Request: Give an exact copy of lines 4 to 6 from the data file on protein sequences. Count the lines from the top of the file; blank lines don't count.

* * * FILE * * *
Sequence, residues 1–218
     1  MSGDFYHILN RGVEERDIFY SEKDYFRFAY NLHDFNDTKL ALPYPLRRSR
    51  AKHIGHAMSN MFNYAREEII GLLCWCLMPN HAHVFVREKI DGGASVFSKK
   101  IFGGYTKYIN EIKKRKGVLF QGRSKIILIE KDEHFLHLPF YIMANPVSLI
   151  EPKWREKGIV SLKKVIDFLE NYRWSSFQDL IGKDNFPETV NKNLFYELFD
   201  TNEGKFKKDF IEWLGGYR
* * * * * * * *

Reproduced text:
   101  IFGGYTKYIN EIKKRKGVLF QGRSKIILIE KDEHFLHLPF YIMANPVSLI
   151  EPKWREKGIV SLKKVIDFLE NYRWSSFQDL IGKDNFPETV NKNLFYELFD
   201  TNEGKFKKDF IEWLGGYR